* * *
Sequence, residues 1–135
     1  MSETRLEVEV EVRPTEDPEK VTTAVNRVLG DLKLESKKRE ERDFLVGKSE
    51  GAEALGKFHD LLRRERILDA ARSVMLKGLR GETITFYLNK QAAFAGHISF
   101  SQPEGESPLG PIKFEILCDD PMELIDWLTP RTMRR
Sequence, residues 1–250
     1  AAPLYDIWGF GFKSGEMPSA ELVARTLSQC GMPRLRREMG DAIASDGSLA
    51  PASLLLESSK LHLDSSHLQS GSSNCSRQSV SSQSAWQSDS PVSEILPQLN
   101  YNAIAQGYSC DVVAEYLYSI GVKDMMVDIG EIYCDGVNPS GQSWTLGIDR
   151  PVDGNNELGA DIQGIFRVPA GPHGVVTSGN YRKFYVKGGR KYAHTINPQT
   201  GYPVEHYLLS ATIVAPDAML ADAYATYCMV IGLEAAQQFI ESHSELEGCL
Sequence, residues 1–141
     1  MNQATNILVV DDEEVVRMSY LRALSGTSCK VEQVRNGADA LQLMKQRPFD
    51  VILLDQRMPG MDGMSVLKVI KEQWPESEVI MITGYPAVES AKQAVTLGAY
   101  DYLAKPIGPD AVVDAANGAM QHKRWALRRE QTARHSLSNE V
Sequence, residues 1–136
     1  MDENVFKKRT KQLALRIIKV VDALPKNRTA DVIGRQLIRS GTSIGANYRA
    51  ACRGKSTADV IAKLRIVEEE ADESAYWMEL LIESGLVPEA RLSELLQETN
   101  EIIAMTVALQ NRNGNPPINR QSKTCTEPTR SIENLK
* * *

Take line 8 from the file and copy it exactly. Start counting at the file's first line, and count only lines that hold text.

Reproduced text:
   101  YNAIAQGYSC DVVAEYLYSI GVKDMMVDIG EIYCDGVNPS GQSWTLGIDR